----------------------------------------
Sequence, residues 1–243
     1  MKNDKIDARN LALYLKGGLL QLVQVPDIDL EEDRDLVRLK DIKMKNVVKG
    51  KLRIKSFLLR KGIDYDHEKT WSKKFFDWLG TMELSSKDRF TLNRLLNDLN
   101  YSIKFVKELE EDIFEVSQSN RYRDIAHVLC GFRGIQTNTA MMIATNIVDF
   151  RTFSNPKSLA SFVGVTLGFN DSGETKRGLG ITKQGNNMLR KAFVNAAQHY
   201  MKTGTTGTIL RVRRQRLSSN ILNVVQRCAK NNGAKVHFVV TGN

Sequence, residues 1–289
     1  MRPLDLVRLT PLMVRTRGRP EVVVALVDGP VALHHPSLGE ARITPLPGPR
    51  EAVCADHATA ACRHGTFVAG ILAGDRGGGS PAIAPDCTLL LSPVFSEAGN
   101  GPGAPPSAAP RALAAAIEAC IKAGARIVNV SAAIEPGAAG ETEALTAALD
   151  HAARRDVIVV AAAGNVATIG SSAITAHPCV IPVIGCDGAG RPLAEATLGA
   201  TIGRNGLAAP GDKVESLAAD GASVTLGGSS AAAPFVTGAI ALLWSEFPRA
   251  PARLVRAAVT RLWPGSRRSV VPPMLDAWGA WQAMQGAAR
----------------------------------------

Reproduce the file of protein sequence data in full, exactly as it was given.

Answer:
Sequence, residues 1–243
     1  MKNDKIDARN LALYLKGGLL QLVQVPDIDL EEDRDLVRLK DIKMKNVVKG
    51  KLRIKSFLLR KGIDYDHEKT WSKKFFDWLG TMELSSKDRF TLNRLLNDLN
   101  YSIKFVKELE EDIFEVSQSN RYRDIAHVLC GFRGIQTNTA MMIATNIVDF
   151  RTFSNPKSLA SFVGVTLGFN DSGETKRGLG ITKQGNNMLR KAFVNAAQHY
   201  MKTGTTGTIL RVRRQRLSSN ILNVVQRCAK NNGAKVHFVV TGN

Sequence, residues 1–289
     1  MRPLDLVRLT PLMVRTRGRP EVVVALVDGP VALHHPSLGE ARITPLPGPR
    51  EAVCADHATA ACRHGTFVAG ILAGDRGGGS PAIAPDCTLL LSPVFSEAGN
   101  GPGAPPSAAP RALAAAIEAC IKAGARIVNV SAAIEPGAAG ETEALTAALD
   151  HAARRDVIVV AAAGNVATIG SSAITAHPCV IPVIGCDGAG RPLAEATLGA
   201  TIGRNGLAAP GDKVESLAAD GASVTLGGSS AAAPFVTGAI ALLWSEFPRA
   251  PARLVRAAVT RLWPGSRRSV VPPMLDAWGA WQAMQGAAR